# The Algebra of Encryption CS 6910 Semester Research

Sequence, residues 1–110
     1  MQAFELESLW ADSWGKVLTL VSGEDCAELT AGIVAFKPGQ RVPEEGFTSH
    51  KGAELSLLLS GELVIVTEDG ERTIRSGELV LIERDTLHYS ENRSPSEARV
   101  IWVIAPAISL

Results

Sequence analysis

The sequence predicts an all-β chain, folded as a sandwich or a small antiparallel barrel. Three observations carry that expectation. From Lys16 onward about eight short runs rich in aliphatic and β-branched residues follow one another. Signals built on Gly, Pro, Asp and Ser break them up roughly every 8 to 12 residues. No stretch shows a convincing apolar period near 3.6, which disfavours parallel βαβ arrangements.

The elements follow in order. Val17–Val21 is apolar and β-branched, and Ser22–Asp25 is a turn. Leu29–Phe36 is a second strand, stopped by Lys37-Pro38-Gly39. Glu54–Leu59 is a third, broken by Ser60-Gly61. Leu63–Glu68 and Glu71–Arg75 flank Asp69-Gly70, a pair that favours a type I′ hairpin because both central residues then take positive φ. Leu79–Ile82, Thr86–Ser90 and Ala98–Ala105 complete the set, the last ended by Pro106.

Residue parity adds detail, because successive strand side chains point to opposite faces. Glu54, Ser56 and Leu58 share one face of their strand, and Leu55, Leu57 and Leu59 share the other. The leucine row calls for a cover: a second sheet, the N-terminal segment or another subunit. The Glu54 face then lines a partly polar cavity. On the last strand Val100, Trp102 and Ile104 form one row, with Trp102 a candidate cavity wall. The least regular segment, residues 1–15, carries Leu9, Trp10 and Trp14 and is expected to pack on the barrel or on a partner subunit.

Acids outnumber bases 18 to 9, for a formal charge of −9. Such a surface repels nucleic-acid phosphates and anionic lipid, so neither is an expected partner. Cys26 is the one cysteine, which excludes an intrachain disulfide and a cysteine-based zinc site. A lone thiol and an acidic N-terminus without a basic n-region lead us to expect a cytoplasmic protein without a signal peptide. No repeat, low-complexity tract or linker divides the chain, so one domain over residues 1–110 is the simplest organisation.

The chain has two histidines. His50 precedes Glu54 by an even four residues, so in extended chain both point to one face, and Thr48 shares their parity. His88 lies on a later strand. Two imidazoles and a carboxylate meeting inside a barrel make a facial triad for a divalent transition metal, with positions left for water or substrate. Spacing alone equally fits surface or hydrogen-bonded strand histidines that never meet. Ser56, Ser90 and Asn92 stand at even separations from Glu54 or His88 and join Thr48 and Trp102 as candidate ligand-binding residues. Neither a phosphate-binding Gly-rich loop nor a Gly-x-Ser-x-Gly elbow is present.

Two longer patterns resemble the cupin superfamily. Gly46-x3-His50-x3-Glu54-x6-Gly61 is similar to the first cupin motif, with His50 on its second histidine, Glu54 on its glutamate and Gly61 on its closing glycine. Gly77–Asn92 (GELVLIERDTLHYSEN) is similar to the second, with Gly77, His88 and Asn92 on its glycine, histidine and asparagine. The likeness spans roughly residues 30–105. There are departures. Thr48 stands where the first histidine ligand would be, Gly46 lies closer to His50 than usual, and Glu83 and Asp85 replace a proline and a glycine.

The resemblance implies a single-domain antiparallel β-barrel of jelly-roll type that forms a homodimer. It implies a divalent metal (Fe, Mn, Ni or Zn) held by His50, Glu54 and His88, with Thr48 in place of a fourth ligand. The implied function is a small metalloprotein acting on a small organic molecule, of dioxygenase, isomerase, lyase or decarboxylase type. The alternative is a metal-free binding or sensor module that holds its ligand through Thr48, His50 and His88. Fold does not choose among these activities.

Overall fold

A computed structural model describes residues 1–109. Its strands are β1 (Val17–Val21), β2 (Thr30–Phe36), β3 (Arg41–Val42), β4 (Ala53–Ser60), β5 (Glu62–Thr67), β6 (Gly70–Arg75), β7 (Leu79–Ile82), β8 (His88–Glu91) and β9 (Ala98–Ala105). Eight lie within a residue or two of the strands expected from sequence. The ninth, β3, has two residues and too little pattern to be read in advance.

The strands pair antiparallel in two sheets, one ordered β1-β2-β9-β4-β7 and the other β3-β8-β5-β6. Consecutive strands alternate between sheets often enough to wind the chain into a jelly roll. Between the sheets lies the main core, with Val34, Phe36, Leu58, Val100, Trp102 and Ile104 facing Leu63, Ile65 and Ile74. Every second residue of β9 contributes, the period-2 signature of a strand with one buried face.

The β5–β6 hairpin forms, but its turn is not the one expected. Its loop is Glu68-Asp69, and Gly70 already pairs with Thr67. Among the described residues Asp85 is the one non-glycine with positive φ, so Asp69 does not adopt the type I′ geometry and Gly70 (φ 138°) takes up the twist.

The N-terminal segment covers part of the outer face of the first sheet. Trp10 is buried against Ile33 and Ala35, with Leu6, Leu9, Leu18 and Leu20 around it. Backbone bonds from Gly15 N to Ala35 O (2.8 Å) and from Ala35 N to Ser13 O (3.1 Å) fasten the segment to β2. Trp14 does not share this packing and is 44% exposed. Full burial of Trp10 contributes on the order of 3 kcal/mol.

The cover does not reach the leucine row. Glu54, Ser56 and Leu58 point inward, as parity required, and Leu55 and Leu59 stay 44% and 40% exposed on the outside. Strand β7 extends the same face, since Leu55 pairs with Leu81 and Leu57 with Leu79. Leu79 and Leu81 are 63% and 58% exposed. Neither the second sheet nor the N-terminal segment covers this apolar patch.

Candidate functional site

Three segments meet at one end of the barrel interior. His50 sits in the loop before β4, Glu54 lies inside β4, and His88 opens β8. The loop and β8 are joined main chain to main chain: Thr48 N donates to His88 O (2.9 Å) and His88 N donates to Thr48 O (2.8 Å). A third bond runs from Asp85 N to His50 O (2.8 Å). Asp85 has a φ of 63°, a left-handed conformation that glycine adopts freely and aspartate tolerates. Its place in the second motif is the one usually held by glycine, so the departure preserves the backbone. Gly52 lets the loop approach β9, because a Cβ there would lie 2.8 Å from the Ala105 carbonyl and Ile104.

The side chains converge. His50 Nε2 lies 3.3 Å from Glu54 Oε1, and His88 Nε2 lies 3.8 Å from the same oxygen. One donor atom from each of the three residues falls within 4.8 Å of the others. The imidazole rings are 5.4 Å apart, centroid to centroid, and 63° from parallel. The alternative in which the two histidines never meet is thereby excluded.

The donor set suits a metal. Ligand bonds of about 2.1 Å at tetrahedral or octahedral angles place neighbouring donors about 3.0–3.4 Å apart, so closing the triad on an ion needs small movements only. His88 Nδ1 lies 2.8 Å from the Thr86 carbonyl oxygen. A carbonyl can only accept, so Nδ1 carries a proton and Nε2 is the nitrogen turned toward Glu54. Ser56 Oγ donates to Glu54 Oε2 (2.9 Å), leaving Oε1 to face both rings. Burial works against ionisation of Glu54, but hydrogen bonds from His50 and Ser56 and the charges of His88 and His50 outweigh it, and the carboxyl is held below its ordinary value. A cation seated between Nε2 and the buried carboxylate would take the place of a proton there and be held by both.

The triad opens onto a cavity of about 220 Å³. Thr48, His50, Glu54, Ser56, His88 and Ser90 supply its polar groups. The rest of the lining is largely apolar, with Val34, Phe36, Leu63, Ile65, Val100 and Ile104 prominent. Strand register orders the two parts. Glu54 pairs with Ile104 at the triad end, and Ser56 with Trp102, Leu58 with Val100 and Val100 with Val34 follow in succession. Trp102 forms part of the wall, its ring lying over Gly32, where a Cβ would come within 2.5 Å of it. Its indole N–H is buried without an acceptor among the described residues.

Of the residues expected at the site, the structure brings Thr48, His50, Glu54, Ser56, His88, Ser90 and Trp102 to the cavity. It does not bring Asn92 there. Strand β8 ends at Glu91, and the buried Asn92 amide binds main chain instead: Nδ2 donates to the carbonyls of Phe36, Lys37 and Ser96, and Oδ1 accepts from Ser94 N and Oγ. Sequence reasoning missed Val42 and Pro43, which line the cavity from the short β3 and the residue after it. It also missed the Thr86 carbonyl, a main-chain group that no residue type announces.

• Slides: 54 The Algebra of Encryption CS 6910 Semester Research and Project University of Colorado at Colorado Springs By Cliff Mc. Cullough 18 July 2011 Modern Cryptography 7/16/2011 Cliff Mc. Cullough 2 Multi-Precision Calculator 7/16/2011 Cliff Mc. Cullough 3 That’s a lot of digits 7/16/2011 Cliff Mc. Cullough 4 Modular Arithmetic �The Division Algorithm a=mb+r “Any integer a can be divided by b in such a way that the remainder is smaller than b. ” (Burton, 2007, p. 17) 7/16/2011 Cliff Mc. Cullough 5 Examples � 13 = 1 * 12 + 1 ◦ 13 ≡ 1 mod 12 � 9 = 0 * 12 + 9 ◦ 9 ≡ 9 mod 12 7/16/2011 Cliff Mc. Cullough 6 Addition �First express the numbers in modular form �Add the numbers and collect the terms �Adjust the multiplier if needed so that the residue is positive and less than the modulus 7/16/2011 Cliff Mc. Cullough 7 Subtraction �First express the numbers in modular form �Subtract the numbers and collect the terms �Adjust the multiplier if needed so that the residue is positive and less than the modulus 7/16/2011 Cliff Mc. Cullough 8 Multiplication �Multiplication is merely repeated addition �Adjust the multiplier so that the residue is positive and less than the modulus 7/16/2011 Cliff Mc. Cullough 9 Division �Division is tricky �Instead of c ---- = e d �We write c = d * e �Ask by what number, e, can we multiply d to result in c, in modular arithmetic? 7/16/2011 Cliff Mc. Cullough 10 Division by Multiplicative Inverse �Another way to divide is to multiply by the MMI c * d-1 = e �MMI: d * d-1 ≡ 1 modulus �Ask by what number, d-1 , can we multiply d such that the result is 1 in modular arithmetic? 7/16/2011 Cliff Mc. Cullough 11 Useful Functions �Euclidean Algorithm ◦ Greatest Common Divisor ◦ Modular Multiplicative Inverse �Modular Exponentiation �Chinese Remainder Theorem �Euler’s Totient Function 7/16/2011 Cliff Mc. Cullough 12 Greatest Common Divisor �Compare the smaller number to the larger �Find the quotient of the two numbers �Multiply the smaller by the quotient and subtract �Now compare the residue with the previous smaller number �Continue until the residue is zero 7/16/2011 Cliff Mc. Cullough 13 GCD Example from (Euclidean algorithm, 2011) 7/16/2011 Cliff Mc. Cullough 14 GCD Results AE = 3 * CF CD = 2 * AE + CF = 2 * 3 * CF + CF = 7 * CF AB = CD + AE = 7 * CF + 3 * CF = 10 * CF 7/16/2011 Cliff Mc. Cullough 15 Extended Euclidean Algorithm �Use Extended Euclidean Algorithm �Basically keep track of the coefficients 1. Start by writing the two numbers 2. Find the quotient 3. Multiply the second equation by the quotient and subtract from the first 4. Repeat steps 2 and 3 until the residue is zero 7/16/2011 Cliff Mc. Cullough 16 Extended Euclid Example � 50 = 50 ( 1) + 35 ( 0) � 35 = 50 ( 0) + 35 ( 1), q = 1 � 15 = 50 ( 1) + 35 ( -1), q = 2 � 5 = 50 ( -2) + 35 ( 3), q = 3 � 0 = 50 ( 7) + 35 (-10) 7/16/2011 Cliff Mc. Cullough 17 Finding the MMI � 13 = 13 ( 1) + 4 ( 0) � 4 = 13 ( 0) + 4 ( 1), q = 3 � 1 = 13 ( 1) + 4 ( -3) � 1 = 13 (1) + 4 (-3) + 13 (-4) + 4 (13) � 1 = 13 (1 - 4) + 4 (-3 + 13) � 1 = 13 (-3) + 4 (10) 7/16/2011 Cliff Mc. Cullough 18 Modular Exponentiation �Initiate X = base, E = exponent, Y = 1 �If E is odd ◦ Replace Y = X * Y ◦ Replace E = E - 1 �E is not even ◦ Replace X = X * X ◦ Replace E = E ÷ 2 �When E = 0, Y is the answer (Garrett, 2004, p. 123) 7/16/2011 Cliff Mc. Cullough 19 Exponentiation Example E = 11 = 8 + 2 + 1 Y = 38 * 32 * 31 = 6561 * 9 * 3 Notes Initialization E is odd E is even E is odd X 3 E 11 10 5 4 2 1 0 9 81 6561 7/16/2011 Cliff Mc. Cullough Y 1 3 27 177147 20 Modular Exponentiation Example E = 11 = 8 + 2 + 1 Y = 38 * 32 * 31 = 237 * 9 * 3 mod 527 Notes Initialization E is odd E is even E is odd X 3 E 11 10 5 4 2 1 0 9 81 237 7/16/2011 Cliff Mc. Cullough Y 1 3 27 75 21 Consider Multiplication 1111 x 1111 --------1111 + 1111 --------11100001 11 x 11 -------11 + 11 -------1001 7/16/2011 Cliff Mc. Cullough 22 Chinese Remainder Theorem �Reduces calculation time by dealing with smaller numbers �Some elements may be pre-calculated and used repeatedly for subsequent calculations 7/16/2011 Cliff Mc. Cullough 23 How To CRT �Pre-calculations ◦ ◦ Know the Factors of M Calculate each Mi Calculate MMI of each Mi mod mi Calculate Ai �Perform the operation �Combine the results (Stallings, 2011, pp. p 254 -257) 7/16/2011 Cliff Mc. Cullough 24 CRT Pre-calculations �Chose m 1 and m 2 M = m 1 * m 2 = 37 * 49 = 1813 �Calculate Mi = M ÷ m i M 1= 1813 ÷ 37 = 49 M 2 = 1813 ÷ 49 = 37 �Calculate Mi-1 mod mi M 1 -1 mod m 1 = 49 -1 mod 37 ≡ 34 M 2 -1 mod m 2 = 37 -1 mod 49 ≡ 4 7/16/2011 Cliff Mc. Cullough 25 CRT Pre-calculations too �Calculate Ai A 1 = M 1 * M 1 -1 mod M = 49 * 34 mod 1813 ≡ 1666 A 2 = M 2 * M 2 -1 mod M = 37 * 4 mod 1813 ≡ 148 7/16/2011 Cliff Mc. Cullough 26 CRT Addition �Compute x + y = zi mod mi for each mi 973 mod 37 = 11 + 678 mod 37 = 12 --------z 1 = 23 mod 37 �Combine 973 mod 49 = 42 + 678 mod 49 = 41 --------z 2 = 34 mod 49 results (x + y) mod M = (z 1 * A 1 + z 2 * A 2) mod M (973 + 678) mod 1813 = (23 * 1666 + 34 * 148) mod 1813 ≡ 1651 7/16/2011 Cliff Mc. Cullough 27 CRT Multiplication �Compute x * y = zi mod mi for each mi 973 mod 37 = 11 973 mod 49 = 42 * 678 mod 37 = 12 --------z 1 = 14 mod 37 * 678 mod 49 = 41 --------z 2 = 32 mod 49 �Combine results (x * y) mod M = (z 1 * A 1 + z 2 * A 2) mod M (973 + 678) mod 1813 = (14 * 1666 + 32 * 148) mod 1813 ≡ 865 7/16/2011 Cliff Mc. Cullough 28 Euler’s Totient Function Euler’s totient function, Φ(n), identifies the number of integers, less than n, that are relatively prime to n. A good treatment of Euler’s Totient function can be found in (Burton, 2007, pp. 131 -135). Φ(n)=(pi)*(qj)=(pi - pi-1)*(qj - qj-1) (Burton, 2007, pp. 131 -135) 7/16/2011 Cliff Mc. Cullough 29 Phi Examples 21 = 3 * 7 Φ(21)=(3 - 1) * (7 - 1) = 2 * 6 = 12 � 1, 2, 4, 5, 8, 10, 11, 13, 16, 17, 19, 20 are the 12 numbers less than 21 that are coprime to 21 20 = 4 * 5 Φ(21)=(22 -21) * (51 -50) = (4 -2)*(5 -1)=2*4=8 �The 8 integers less than 20 coprime to 20 are 1, 3, 7, 9, 11, 13, 17, 19 7/16/2011 Cliff Mc. Cullough 30 Public Key Cryptography RSA �RSA uses Euler’s theorem �If a and n are coprime �then aΦ(n) ≡ 1 mod n (Burton, 2007, p. 137) 7/16/2011 Cliff Mc. Cullough 31 How to RSA �Chose two prime numbers p and q �Form n = p * q and find Φ(n) �Choose encryption exponent e coprime to Φ(n) �Find MMI of e mod Φ(n) �Encrypt: C = Me mod n �Decrypt: M = Cd mod n 7/16/2011 Cliff Mc. Cullough 32 Why Does RSA Work �C = Me mod n �M = (C)d = Me*d mod n �e and d were chosen such that e * d ≡ 1 mod Φ(n), therefore: e * d = m * Φ(n) + 1 �Remember the Euler’s Theorem MΦ(n) ≡ 1 mod n �Me*d = MmΦ(n)+1 = (MΦ(n))m * M ≡ 1 m * M mod n 7/16/2011 Cliff Mc. Cullough 33 RSA and CRT �To use CRT, we need to know the factors of n �Thus, we only use CRT to decrypt 7/16/2011 Cliff Mc. Cullough 34 RSA Example �Let: p = 17 q = 31 e = 11 message: M = 3 n = p * q = 17 * 31 = 527 Φ(n) = 16 * 30 = 480 d = e-1 mod Φ(n) ≡ 131 7/16/2011 Cliff Mc. Cullough 35 RSA-CRT Pre-calculations P = n ÷ p = 31 P-1 mod p ≡ 11 Ap = P * P-1 mod n = 31 * 11 mod 527 ≡ 341 Q = n ÷ q = 17 Q-1 mod q ≡ 11 Aq = Q * Q-1 mod n = 17 * 11 mod 527 ≡ 187 dp = d mod Φ(p) = 131 mod 16 ≡ 3 dq = d mod Φ(q) = 131 mod 30 ≡ 11 7/16/2011 Cliff Mc. Cullough 36 RSA Encrypt �Encrypt is standard C = Me mod n = 311 mod 527 ≡ 75 7/16/2011 Cliff Mc. Cullough 37 RSA-CRT Decrypt �Decrypt uses CRT ◦ Complete the operation Mp = Cdp mod p = 753 mod 17 ≡ 3 Mq = Cdq mod q = 7511 mod 31 ≡ 3 ◦ Combine the results M = (Mp * Ap + Mq * Aq) mod n = (3 * 341 + 3 * 187) mod 527 ≡ 3 7/16/2011 Cliff Mc. Cullough 38 How to Share a Secret �(Shamir, November, 1979) describes how to share a secret �A simple way of looking at this is to use a curve described by a polynomial function f(x) = atxt + at-1 xt-1. . . a 1 x + a 0 �Typically a 0 is the secret information �a 1 through at are chosen randomly 7/16/2011 Cliff Mc. Cullough 39 Why It Is Secret �We have t + 1 unknowns ◦ the t + 1 coefficients �We need t + 1 points on the curve to identify all the coefficients �The secret shares are points on the curve ◦ x, f(x) number pairs ◦ x can be an index. Only f(x) must be secret 7/16/2011 Cliff Mc. Cullough 40 Paillier Cryptography �Carmichael function is very similar to Euler’s totient function λ(n) = lcm(p-1, q-1) �Useful properties wλ ≡ 1 mod n wλn ≡ 1 mod n 2 �Which implies wλ = an + 1 wλn = bn 2 + 1 (Paillier, 1999) 7/16/2011 Cliff Mc. Cullough 41 How to Paillier �Choose two safe primes p and q �Calculate n = p * q and λ(n) �Define the function u-1 L(u) = -----n �Choose a generator value g such that L(gλ mod n 2) and n are coprime �Public key is (g, n) �Private key is λ 7/16/2011 Cliff Mc. Cullough 42 Paillier Encrypt �For plaintext message m < n �Chose a random number r < n �Encrypt c = gmrn mod n 2 7/16/2011 Cliff Mc. Cullough 43 Paillier Decrypt �Decrypt L(cλ mod n 2) m = --------- mod n L(gλ mod n 2) 7/16/2011 Cliff Mc. Cullough 44 The Generator g �Start from the Carmichael function gλ = 1 + an gλx = (1 + an)x �Use binomial expansion (1+an)x=1 + x(an) + n 2. . . �Result gλx = (1 + an)x = (1 + xan) mod n 2 7/16/2011 Cliff Mc. Cullough 45 Decrypt Numerator cλ - 1 gλmr λ n - 1 L(cλ mod n 2) = ---- mod n 2 = ------- mod n 2 n n �Applying the Generator g Result and Carmichael function L(cλ mod n 2) = ma mod n 2 7/16/2011 Cliff Mc. Cullough 46 Decrypt Denominator gλ - 1 (1 + an) - 1 L(gλ mod n 2) = ---- mod n 2 = ------- mod n 2 n n L(cλ mod n 2) = a mod n 2 7/16/2011 Cliff Mc. Cullough 47 The Decrypt Result �Combining the results gives L(cλ mod n 2) ma mod n 2 m = --------- mod n = -------- mod n L(gλ mod n 2) a mod n 2 7/16/2011 Cliff Mc. Cullough 48 Cryptographic Blinding �Cryptographic blinding allows for a message to be multiplied by a specially treated random number, while still allowing the message to be decrypted without knowledge of the random number. (Blinding (cryptography), 2011) 7/16/2011 Cliff Mc. Cullough 49 Paillier Blinding �We can apply any succession of blinding factors without affecting the successful decryption c = gm * r 1 n r 2 n. . . rkn mod n 2 = gm * rn mod n 2 7/16/2011 Cliff Mc. Cullough 50 Tallying the Vote �Paillier cryptography is well suited to voting due to its homomorphic property �The multiplication of two ciphertexts is equivalent to the addition of the respective paintexts. (Paillier, 1999, p. 13) �This way, the votes may be tallied without decrypting the ciphertext. 7/16/2011 Cliff Mc. Cullough 51 Homomorphic Paillier �Start with two messages and encrypt c 1 = gm 1 r 1 n mod n 2 c 2 = gm 2 r 2 n mod n 2 �Now multiply the two ciphertexts c 1 * c 2 = gm 1 r 1 n * gm 2 r 2 n mod n 2 = gm 1 gm 2 * r 1 n r 2 n mod n 2 = gm 1 + m 2 * (r 1 r 2)n mod n 2 = gm 3 * r 3 n mod n 2 7/16/2011 Cliff Mc. Cullough 52 References Cited Blinding (cryptography). (2011, June 3). Retrieved July 10, 2011, from Wikipedia: http: //en. wikipedia. org/wiki/Blinding_(cryptography) � Burton, D. M. (2007). Elementary Number Theory, Sixth Edition. New York, New York 10020: Mc. Graw-Hill Higher Education. � Euclidean algorithm. (2011, June 30). Retrieved July 7, 2011, from Wikipedia: http: //en. wikipedia. org/wiki/Euclid_algorithm � Garrett, P. (2004). The Mathematics of Coding Theory. Upper Saddle River, New Jersey: Pearson Prentice Hall. � MPIR home page. (n. d. ). Retrieved July 9, 2011, from MPIR: http: //www. mpir. org/ � Paillier, P. (1999). Public-Key Cryptosystems Based on Composite Degree Residuosity Clases. Advances in Cryptology - Eurocrypt '99 , pp. 223 -238. � 7/16/2011 Cliff Mc. Cullough 53 References continued � Safe prime. (2010, August 24). Retrieved July 9, 2011, from Wikipedia: http: //en. wikipedia. org/wiki/Safe_prime Shamir, A. (November, 1979). How to Share a Secret. Communications of the ACM , 612 -613. � Stallings, W. (2011). Cryptography and Network Security, Principles and Practice, Fifth Edition. Prentice Hall. � The GNU Muliple Precision Arithmetic Library. (n. d. ). Retrieved July 9, 2011, from GNU: http: //gmplib. org/ � 7/16/2011 Cliff Mc. Cullough 54